The METRO Green Line Extension completion date, set for sometime in 2023, will likely be extended, according to Southwest Light Rail Transit spokesperson Trevor Roy.

Because of construction complications and soil issues, the 14.5-mile rail extension from Minneapolis to Eden Prairie will take “a little bit longer” than anticipated. A new date has yet to be set.

“A potential delay at this point is looking increasingly likely,” Roy told the newspaper in a phone interview.

The $2 billion project, which is about 35% complete, will run from Eden Prairie, through Minnetonka, Hopkins and St. Louis Park, and stop in downtown Minneapolis.


When crews first set out to do work, they conducted soil borings. Those tests missed “giant boulders” in Minneapolis’s Kenilworth corridor area which were discovered recently, Roy said.

That meant the team needed to switch up how construction was done, adding a retaining wall to stabilize that soil and nearby buildings.

In addition, a mile-long wall is also being added to the project to separate freight train tracks from the light rail in Minneapolis (as required by the Burlington Northern Santa Fe Railway Company). An analysis of the wall proved to be more work than initially anticipated, a company statement said.

Despite the hiccups, Roy said things are still mostly on track.

“2020 was a big construction year. We got a lot accomplished,” he said, noting crews were out working at that very moment. “It’s moving. The project is moving. We aren’t at a standstill.”

That meant tunnel construction, a few bridges in Minneapolis, a section of trail and stations.

“There was a time this summer there wasn’t a single mile of the project that wasn’t under construction,” he added.

Roy recognized how disappointing the news could be to neighboring communities, but said a delay like this isn’t entirely unexpected with such a large project.

“These are complicated projects,” he said. “If you took the U.S. Bank Stadium and spread it out over 14.5 miles twice, then you would have the Southwest Light Rail.”


That community includes people like Chaska resident Candy Buranen.

The 74-year-old said she’s excited about the extension, but hopes she has a chance to use it considering the potential delay.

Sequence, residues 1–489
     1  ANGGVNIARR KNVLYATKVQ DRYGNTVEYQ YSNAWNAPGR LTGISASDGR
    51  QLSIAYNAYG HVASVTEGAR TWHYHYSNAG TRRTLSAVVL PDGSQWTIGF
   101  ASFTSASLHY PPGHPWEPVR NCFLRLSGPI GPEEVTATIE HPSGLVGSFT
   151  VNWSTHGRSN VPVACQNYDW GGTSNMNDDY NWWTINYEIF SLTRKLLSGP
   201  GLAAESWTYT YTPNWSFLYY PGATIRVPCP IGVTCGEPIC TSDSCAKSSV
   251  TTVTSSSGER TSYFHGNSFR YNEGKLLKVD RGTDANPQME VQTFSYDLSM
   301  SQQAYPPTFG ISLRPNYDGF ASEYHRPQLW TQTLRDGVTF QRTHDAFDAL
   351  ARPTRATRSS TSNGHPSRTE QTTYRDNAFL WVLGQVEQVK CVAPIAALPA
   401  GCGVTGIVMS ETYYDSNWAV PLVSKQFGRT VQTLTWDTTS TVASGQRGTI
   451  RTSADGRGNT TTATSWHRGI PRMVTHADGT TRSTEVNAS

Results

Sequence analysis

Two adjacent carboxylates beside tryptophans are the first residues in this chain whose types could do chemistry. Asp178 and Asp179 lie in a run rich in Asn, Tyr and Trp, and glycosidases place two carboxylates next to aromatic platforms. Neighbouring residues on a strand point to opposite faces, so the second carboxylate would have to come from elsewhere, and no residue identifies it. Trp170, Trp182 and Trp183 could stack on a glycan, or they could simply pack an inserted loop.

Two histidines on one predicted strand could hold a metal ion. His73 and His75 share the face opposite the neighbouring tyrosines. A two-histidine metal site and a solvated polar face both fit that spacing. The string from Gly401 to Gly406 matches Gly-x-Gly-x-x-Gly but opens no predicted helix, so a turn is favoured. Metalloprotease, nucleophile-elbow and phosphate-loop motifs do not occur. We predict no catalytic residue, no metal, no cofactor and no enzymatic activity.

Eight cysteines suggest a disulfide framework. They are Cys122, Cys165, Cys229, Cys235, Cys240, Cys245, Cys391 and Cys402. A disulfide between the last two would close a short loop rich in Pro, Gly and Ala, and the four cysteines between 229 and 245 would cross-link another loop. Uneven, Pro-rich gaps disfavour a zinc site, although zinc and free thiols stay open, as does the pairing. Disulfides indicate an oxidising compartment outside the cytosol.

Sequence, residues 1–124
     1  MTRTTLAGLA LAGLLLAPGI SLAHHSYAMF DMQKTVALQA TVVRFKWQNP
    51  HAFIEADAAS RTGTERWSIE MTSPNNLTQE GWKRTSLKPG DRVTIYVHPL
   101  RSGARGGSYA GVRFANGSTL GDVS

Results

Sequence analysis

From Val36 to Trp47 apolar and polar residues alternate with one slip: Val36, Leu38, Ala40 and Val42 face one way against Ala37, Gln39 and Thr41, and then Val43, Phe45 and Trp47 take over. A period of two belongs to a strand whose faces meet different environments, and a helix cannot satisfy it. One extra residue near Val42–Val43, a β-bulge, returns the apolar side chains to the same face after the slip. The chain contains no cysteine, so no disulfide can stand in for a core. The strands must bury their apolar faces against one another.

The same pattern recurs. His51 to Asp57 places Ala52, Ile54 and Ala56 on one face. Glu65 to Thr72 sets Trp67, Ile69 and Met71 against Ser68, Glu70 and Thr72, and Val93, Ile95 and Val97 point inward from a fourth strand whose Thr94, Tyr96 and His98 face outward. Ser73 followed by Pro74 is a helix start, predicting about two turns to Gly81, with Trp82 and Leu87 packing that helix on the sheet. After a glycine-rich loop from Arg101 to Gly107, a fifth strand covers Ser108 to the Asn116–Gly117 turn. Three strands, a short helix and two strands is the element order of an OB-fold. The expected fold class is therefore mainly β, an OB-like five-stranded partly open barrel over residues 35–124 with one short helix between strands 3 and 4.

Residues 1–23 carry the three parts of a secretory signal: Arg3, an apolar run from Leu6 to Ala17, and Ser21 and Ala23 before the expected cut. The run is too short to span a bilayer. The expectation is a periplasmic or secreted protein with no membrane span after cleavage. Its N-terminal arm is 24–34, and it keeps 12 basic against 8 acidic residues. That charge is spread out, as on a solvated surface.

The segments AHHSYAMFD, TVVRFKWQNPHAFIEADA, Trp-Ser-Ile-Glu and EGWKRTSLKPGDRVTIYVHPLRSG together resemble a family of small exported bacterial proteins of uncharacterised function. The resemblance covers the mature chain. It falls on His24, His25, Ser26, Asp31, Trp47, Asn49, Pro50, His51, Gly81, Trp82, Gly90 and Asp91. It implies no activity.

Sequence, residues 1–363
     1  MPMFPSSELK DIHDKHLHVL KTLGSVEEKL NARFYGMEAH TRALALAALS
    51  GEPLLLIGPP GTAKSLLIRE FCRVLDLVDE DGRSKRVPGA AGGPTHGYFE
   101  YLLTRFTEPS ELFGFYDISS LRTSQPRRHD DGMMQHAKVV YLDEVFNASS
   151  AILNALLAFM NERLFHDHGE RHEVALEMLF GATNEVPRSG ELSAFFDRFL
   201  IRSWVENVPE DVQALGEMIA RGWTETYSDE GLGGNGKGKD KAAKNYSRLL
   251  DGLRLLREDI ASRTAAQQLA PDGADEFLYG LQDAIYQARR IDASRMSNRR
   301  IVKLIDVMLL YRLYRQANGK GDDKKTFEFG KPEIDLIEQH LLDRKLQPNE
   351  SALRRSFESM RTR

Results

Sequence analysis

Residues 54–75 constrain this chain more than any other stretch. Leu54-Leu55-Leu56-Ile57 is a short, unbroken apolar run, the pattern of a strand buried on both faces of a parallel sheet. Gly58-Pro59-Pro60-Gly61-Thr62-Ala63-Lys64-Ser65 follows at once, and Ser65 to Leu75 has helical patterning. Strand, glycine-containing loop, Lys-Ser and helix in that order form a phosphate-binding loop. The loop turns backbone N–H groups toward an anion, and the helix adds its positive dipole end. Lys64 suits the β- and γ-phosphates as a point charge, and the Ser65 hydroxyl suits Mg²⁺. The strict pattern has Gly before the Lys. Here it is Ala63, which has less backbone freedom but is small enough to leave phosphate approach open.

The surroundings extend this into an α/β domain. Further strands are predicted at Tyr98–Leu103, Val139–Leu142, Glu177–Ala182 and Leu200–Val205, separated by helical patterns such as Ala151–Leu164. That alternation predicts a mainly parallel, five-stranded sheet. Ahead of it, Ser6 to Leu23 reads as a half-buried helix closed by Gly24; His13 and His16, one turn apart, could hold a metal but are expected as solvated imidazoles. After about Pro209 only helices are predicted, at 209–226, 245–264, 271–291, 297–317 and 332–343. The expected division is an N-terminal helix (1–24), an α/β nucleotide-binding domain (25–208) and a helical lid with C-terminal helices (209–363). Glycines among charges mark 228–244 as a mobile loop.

“I’m sad that it’s delayed, but better late than never I guess,” Buranen said. “I keep thinking they’re not going to get that dang thing done while I’m living and I want to ride that baby.”

She said the extension would be a “major convenience” for the baseball fan, using it to get to Twins or Saints games in the cities. It could also be useful for events she wouldn’t typically drive herself to, like the Minneapolis Aquatennial or even just lunch downtown.

“I prefer taking taking the train or the bus any day,” Buranen said. “To hop on a train or the bus you don’t worry about the driving. You don’t have to worry about parking. They drive you down; they pick you up. You can have a couple of beers if I’m not worried about driving.”

Pre-pandemic, she’d take the train from Bloomington to Minneapolis, which could sometimes be a two-hour trip, she said.

For others, the delay doesn’t impact them one way or the other.

Chaska resident Kris Janey said she’s not opposed to public transit, but is “vehemently” opposed to the light rail extension. She called it a waste of taxpayer dollars and an unsightly view.

“I think that they could easily have put that (money) into adding addition bus routes, buses, lanes. With bus transportation it can be adjusted and changed and re-routed, where as a light rail? You’re stuck with the line. It’s in,” Janey said.

She also said she doesn’t think ridership would justify the line extension, especially considering the pandemic’s downward effect on people commuting.

“People are working from home. Downtown Minneapolis is a ghost town,” Janey said. “I just can’t imagine that it’s going to have the ridership numbers that they envisioned.”

However Buranen said she has friends who work at Abbott Northwestern Hospital who commute daily. They don’t have an express public transportation option, so they typically drive.

“I think a lot of people would take the train,” she said. “They might do that rather than drive.”

Even so, the project’s end date is undetermined. Anyone who might benefit from the line is still years away from doing so.

Despite that, Roy said his team is committed to giving the area the best possible line.

“We will make sure that we get this project in a place that the community deserves,” he said.